LOS ANGELES – Jack Larson, best known for his portrayal of Daily Planet cub reporter Jimmy Olsen on the 1950s TV show Adventures of Superman, died on Sunday at his home in Los Angeles. He was 87.
Although it brought him fame and a legion of fans, the Jimmy Olsen role became a handicap to Larson, who found himself typecast as a naive young man.
As a result, Larson did little acting after the show ended in 1958 and instead focused on behind-the-scenes work such as writing and production. He wrote the libretto to the 1972 Virgil Thomson opera Lord Byron, commissioned by the Metropolitan Opera in New York City.
Larson was often interviewed about the Superman series and his connection to it, and in recent years participated in a number of cameos that paid subtle tribute to his character and the series. One such cameo, in a 1991 episode of the TV series Superboy, reunited Larson with Noel Neill, who played Lois Lane in Adventures of Superman.
Also, in an episode of Lois & Clark: The New Adventures of Superman, Larson appeared as an aged Jimmy Olsen in the episode “Brutal Youth,” first telecast on October 20, 1996.
Larson returned in his Olsen persona yet again in a late-1990s American Express card commercial featuring Jerry Seinfeld and an animated Superman.
Together with Neill, Larson provided commentary on several Adventures of Superman episodes for the January 2006 DVD release of the 1953 season. Also in 2006, he appeared in Bryan Singer’s film Superman Returns in a cameo role as “Bo the Bartender.”
Larson most recently appeared in an episode of Law & Order: Special Victims Unit, which initially aired on NBC on January 6, 2010. In this episode, titled “Quickie,” Larson portrayed Dewey Butler, grandfather to a young suspect accused of sex crimes.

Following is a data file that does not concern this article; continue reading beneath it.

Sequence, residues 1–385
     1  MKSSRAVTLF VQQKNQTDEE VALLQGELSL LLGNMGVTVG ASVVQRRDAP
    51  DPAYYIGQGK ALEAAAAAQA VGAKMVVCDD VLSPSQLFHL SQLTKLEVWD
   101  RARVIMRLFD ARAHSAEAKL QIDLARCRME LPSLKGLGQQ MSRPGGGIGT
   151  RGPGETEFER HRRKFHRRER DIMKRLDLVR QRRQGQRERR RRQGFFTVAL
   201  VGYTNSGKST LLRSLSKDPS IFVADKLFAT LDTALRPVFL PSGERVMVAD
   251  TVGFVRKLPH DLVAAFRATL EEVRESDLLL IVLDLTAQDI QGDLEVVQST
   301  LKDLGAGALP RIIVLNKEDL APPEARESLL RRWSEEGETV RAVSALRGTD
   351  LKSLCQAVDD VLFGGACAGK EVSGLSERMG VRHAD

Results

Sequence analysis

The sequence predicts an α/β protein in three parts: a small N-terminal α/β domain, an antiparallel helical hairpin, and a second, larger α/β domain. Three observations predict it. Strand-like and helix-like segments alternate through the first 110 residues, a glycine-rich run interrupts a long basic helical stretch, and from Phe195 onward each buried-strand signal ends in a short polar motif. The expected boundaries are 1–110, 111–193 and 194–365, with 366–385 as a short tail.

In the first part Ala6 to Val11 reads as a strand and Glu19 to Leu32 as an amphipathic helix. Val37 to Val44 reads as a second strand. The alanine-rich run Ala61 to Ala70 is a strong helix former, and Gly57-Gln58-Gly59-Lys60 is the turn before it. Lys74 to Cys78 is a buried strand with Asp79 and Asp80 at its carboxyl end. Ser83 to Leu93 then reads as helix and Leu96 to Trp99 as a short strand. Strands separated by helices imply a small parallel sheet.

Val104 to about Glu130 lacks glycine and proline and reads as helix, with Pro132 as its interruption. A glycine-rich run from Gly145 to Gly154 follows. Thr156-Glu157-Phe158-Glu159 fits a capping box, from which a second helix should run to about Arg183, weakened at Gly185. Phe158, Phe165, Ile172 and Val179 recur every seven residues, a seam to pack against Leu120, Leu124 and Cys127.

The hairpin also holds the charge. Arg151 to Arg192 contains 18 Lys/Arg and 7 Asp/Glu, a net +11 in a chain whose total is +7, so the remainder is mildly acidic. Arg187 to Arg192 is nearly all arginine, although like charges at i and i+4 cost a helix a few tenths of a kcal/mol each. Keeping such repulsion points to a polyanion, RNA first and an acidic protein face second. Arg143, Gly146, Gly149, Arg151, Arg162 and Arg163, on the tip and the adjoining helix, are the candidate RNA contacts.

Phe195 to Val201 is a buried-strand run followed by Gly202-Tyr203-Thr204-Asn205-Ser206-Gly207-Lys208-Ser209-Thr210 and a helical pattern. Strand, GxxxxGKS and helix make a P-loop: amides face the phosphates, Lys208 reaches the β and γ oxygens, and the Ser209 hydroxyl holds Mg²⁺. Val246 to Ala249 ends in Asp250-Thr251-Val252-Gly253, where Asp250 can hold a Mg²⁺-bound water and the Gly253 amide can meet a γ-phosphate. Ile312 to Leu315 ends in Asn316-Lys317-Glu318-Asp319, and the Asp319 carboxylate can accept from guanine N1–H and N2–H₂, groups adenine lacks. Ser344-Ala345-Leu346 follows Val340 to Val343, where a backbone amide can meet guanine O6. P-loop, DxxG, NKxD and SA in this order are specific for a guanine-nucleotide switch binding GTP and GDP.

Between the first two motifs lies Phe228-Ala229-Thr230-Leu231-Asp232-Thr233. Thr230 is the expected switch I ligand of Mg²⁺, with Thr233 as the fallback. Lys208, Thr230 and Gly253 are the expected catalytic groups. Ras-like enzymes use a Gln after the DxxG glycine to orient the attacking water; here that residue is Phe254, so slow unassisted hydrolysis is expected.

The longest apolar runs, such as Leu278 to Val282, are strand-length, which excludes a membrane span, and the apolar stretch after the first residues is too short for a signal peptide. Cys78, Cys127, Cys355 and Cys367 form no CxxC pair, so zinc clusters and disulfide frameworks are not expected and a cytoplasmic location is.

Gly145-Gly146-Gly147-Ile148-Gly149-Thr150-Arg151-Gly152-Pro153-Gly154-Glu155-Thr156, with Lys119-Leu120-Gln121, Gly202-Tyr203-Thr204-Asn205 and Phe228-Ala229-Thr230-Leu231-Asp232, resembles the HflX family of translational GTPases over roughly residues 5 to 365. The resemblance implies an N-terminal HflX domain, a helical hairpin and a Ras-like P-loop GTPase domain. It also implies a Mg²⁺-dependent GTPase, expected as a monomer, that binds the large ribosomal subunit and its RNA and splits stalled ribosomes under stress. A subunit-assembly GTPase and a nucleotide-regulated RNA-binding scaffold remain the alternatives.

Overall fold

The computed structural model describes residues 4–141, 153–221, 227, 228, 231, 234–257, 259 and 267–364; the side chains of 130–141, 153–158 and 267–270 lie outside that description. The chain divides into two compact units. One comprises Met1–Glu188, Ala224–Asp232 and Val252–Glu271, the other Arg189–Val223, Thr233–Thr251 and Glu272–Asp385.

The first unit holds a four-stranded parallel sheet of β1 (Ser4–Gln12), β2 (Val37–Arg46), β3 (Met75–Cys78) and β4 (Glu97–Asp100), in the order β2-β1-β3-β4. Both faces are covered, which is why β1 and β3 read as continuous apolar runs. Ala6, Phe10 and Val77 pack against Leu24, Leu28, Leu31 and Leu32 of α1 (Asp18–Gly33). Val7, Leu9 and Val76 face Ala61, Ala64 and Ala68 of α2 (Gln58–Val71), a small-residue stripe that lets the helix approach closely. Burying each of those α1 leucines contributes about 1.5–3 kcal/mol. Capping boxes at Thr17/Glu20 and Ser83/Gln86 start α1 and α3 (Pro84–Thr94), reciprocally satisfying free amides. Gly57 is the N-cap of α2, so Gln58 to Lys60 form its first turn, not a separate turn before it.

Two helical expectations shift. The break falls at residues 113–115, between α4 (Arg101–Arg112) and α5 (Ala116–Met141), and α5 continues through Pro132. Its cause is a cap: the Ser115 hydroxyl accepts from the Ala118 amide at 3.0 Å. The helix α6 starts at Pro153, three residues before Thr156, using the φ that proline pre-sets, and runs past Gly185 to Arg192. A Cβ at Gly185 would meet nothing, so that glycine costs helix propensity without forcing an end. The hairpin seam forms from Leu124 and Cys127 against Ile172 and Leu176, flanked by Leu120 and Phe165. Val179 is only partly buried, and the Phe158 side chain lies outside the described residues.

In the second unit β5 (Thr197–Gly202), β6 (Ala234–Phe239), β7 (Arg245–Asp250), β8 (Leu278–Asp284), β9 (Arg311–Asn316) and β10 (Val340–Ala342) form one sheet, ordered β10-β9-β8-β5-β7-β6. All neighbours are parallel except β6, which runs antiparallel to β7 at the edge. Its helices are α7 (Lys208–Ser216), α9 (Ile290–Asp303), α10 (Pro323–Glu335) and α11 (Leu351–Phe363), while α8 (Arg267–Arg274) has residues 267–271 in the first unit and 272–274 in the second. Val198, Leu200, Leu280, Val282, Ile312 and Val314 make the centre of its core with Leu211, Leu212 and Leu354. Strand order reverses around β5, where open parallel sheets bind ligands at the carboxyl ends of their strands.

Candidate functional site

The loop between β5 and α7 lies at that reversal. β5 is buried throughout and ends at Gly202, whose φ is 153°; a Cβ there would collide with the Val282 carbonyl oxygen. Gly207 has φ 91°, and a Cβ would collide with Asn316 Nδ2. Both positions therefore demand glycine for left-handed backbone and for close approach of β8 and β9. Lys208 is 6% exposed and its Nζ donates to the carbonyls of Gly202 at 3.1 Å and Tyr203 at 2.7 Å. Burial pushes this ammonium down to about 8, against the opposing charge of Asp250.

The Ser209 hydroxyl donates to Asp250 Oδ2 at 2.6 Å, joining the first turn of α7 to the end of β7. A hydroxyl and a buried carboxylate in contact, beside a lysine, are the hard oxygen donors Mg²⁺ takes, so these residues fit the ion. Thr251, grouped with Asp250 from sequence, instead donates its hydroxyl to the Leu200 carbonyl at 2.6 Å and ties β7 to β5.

Over time, Larson came to accept that he would forever be known as the actor who played star reporter Clark Kent’s hapless young sidekick on the Adventures of Superman TV series. Once asked about his typecasting, Larson replied that he felt completely at peace with it. “You are blessed in life if you can give people pleasure and happiness. That’s all I’ve ever tried to do with my work.’
“If I’ve learned anything from my career, it’s that you don’t really know the value of what you’re doing. So, you had better do your best with whatever is at hand. You never know what will outlive you,” he said.
Larson was preceded in death by his life partner, the Academy Award-nominated screenwriter and director James Bridges, whose credits included The China Syndrome and The Paper Chase. Bridges died in 1993.
Until his death, Larson owned and resided in the Frank Lloyd Wright-designed George Sturges House located in the affluent Brentwood section of Los Angeles.
Funeral services are pending.
Written by ACNI staff
Sources contributing to this report: Wikipedia, New York Times, Los Angeles Times, Hollywood Reporter.